day. Such confidence without the green light from authorities warrants further investigation, says
Tasmanian Greens MP, Kim Booth.

KIM BOOTH, TASMANIAN GREENS MP: And the fact that they've done that indicates that they have either
got a secret nod or a wink, or they're a very poorly managed corporation that has taken a huge risk
with its shareholders' funds by simply presuming that they will be able to build it.

JOCELYN NETTLEFOLD: Do you have any concerns that it makes it look like the Government has already
made a decision if when Gunns does something like that.

PAUL LENNON: See the Government can't make a decision can it? Parliament makes the decision.

JOCELYN NETTLEFOLD: Parliament is awaiting for the report from the Government-appointed consultant.
So too are those deeply worried about timber supply, air and marine pollution.

JOHN HAMMOND: We're not going to need anything much longer once this crap starts.

JOCELYN NETTLEFOLD: Like other members of the Tasmanian fishing industry, John Hammond and Stuart
Richie fear scallops and fish stocks would be tainted by chemical effluent discharged via a giant
pipeline three kilometres off shore.

JOHN HAMMOND: About where the arrow is the outlet, and they're 200 metres away from where we expect
the outlet to be at 2.2 mile offshore, is last year where we caught scallops in the scallop survey.

STUART RICHIE: So this thing is going to be a disaster for everything in that area.

JOHN HAMMOND: Absolutely.

LES BAKER, GUNNS PROJECT MANAGER: It will have no impact in terms of emissions both in the water
and in the air on the environment around us.

JOCELYN NETTLEFOLD: Modelling done by Gunns consultants claims pollution won't pose any problems,
but the science has not been fully peer reviewed.

PROFESSOR ANDREW WADSLEY, PETROLEUM TECHNOLOGY, CURTIN UNIVERSITY: Gunns are using a completely new
chlorine dioxide process, which actually in the process, creates a lot of chlorine gas and
solution. So, there's no historical data, we actually have no idea what the actual emissions will
be until the mill starts.

JOCELYN NETTLEFOLD: Curtain University's Professor Andrew Wadsley, a petrochemical consultant,
spent four weeks examining Gunns' data. He believes dioxin levels could be up to 1,400-times
greater than the company suggests, rendering seafood too toxic to eat.

ANDREW WADSLEY: The calculation or the impact of dioxin in the sediment and fish was fundamentally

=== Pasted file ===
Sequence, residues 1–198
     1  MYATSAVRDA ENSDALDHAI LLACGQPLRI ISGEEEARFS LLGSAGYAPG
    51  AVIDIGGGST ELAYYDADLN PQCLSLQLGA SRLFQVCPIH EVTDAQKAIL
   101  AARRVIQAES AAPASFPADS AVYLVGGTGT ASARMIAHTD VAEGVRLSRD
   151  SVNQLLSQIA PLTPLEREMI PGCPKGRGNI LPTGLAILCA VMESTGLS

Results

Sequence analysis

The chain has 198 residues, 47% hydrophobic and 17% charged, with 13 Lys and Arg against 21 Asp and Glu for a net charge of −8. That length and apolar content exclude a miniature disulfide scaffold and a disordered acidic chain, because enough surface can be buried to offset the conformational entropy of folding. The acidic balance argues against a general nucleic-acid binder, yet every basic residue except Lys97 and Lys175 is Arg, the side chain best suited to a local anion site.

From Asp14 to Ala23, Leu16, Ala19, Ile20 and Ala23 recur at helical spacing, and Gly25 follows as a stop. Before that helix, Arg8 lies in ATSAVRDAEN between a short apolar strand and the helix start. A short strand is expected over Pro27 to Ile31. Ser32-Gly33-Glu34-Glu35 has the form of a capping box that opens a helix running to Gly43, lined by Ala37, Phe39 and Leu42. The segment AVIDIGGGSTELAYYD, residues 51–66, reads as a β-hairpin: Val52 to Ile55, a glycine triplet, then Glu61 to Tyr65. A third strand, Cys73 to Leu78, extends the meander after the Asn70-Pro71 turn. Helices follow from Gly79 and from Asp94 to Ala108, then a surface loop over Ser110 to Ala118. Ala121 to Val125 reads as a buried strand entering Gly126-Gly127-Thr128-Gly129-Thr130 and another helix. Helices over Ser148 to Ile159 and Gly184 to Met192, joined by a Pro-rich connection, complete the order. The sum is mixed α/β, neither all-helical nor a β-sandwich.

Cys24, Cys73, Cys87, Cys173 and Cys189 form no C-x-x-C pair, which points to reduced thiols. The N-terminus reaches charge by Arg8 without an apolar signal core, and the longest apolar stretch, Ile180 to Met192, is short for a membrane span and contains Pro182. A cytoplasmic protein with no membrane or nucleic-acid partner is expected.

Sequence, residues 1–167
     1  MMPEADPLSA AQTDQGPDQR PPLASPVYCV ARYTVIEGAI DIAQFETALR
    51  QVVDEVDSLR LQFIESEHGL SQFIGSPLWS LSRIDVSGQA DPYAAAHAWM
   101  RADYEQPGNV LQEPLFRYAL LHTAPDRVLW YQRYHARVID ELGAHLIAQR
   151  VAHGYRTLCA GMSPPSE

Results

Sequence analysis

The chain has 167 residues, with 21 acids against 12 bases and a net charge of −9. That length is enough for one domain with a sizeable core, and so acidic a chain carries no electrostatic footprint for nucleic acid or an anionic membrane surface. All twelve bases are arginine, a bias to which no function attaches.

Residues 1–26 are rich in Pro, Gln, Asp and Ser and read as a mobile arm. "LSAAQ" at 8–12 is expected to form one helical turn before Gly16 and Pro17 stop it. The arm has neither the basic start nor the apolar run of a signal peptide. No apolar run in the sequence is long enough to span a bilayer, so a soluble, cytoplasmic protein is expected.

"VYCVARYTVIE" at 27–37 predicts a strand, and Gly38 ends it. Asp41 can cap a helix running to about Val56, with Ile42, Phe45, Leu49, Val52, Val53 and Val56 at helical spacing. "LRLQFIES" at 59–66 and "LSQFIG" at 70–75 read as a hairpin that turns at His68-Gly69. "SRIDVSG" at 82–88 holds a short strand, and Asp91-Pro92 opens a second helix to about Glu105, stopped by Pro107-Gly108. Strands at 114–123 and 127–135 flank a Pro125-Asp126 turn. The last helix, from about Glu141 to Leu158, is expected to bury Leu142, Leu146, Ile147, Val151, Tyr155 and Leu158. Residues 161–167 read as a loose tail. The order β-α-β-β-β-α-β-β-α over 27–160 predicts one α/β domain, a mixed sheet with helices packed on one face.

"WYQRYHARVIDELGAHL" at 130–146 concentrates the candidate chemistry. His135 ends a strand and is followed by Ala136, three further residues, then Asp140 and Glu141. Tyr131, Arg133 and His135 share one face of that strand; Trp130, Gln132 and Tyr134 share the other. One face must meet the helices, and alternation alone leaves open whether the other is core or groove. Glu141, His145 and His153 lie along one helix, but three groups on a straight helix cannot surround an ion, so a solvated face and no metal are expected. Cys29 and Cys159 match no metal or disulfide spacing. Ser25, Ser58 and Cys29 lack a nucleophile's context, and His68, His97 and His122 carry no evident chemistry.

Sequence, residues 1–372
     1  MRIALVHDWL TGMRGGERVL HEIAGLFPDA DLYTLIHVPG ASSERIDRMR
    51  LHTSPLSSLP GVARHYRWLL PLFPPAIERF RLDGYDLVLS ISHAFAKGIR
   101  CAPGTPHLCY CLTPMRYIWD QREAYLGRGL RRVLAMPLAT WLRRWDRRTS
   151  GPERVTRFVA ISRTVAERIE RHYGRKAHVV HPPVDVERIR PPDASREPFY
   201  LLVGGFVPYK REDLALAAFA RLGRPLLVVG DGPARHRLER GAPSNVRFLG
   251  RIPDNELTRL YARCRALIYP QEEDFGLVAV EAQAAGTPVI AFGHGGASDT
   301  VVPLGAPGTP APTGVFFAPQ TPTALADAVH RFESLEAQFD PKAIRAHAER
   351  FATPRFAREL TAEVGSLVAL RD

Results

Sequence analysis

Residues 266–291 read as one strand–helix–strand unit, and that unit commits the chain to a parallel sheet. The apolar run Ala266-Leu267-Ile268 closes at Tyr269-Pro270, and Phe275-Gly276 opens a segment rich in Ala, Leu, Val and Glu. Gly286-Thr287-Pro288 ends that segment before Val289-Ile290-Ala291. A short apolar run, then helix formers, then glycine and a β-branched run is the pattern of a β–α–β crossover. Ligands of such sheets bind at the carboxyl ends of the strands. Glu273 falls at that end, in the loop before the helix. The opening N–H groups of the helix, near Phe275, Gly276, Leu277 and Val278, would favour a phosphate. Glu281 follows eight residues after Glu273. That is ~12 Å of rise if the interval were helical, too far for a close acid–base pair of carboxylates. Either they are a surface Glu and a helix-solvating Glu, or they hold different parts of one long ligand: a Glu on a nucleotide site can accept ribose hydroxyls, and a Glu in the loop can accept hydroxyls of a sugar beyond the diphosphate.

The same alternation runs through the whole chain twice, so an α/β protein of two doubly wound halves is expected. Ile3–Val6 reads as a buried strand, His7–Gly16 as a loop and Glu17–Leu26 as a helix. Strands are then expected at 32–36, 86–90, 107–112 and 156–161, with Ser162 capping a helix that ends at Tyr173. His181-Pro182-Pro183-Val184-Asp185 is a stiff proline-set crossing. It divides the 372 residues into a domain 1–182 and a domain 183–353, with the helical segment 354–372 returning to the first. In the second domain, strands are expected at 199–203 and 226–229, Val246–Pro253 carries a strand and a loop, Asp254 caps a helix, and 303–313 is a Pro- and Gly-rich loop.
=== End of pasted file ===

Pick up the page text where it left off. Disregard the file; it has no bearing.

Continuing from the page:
flawed because they actually used the wrong equations.

JOCELYN NETTLEFOLD: According to Professor Wadsley, dioxins would latch onto the organic carbons in
the sediment, and start building up. As more effluent is pumped into Bass Strait, he says, dioxins
in the sediment would reach saturation level, and eventually the concentration in the water column
and sediment would be in equilibrium. The Premier says the claims will be examined by consultant
SWECO PIC.

PAUL LENNON: Well again, I mean this is a matter that SWECO PIC is looking at. Now, SWECO PIC are
the experts in this field, they have far more expertise in this area than Professor Wadsley does.

JOCELYN NETTLEFOLD: A Gunns spokesman says chairman John Gay was not available to be interviewed
about the mounting concern over potential marine pollution. The company stands by its own
consultants, dismissing Professor Wadsley's research as scare-mongering.

ANDREW WADSLEY: I'm not scaremongering, I'm just doing the sums. I have a PhD in mathematics, I've
been 30 years in the petroleum industry. I just try and tell the truth when it comes out, and if
there's a problem in the arithmetic let Gunns sort it out.

JOCELYN NETTLEFOLD: The company will have its chance to respond to such concerns before the entire
matter is referred to the Federal Government, which has jurisdiction over threatened and migratory
species and marine pollution. The Tasmanian Parliament is expecting to vote on the mill before
spring.

BARRY CHIPMAN: It will not impact upon other industries. It will actually have great enhancement
for other industries like our tourism industry.

JOCELYN NETTLEFOLD: The timber industry may be relying on the project for its future, yet fishermen
are yet to be convinced it won't damage theirs.

JOHN HAMMOND: Unless something is done in the regulation side of it, this thing has got potential
to cost us hundreds of jobs and hundreds of millions of dollars damage. There's not enough trees
here to fix the bloody mess they're going to make, that's for sure.

KERRY O'BRIEN: Jocelyn Nettlefold with that report.

(c) 2007 ABC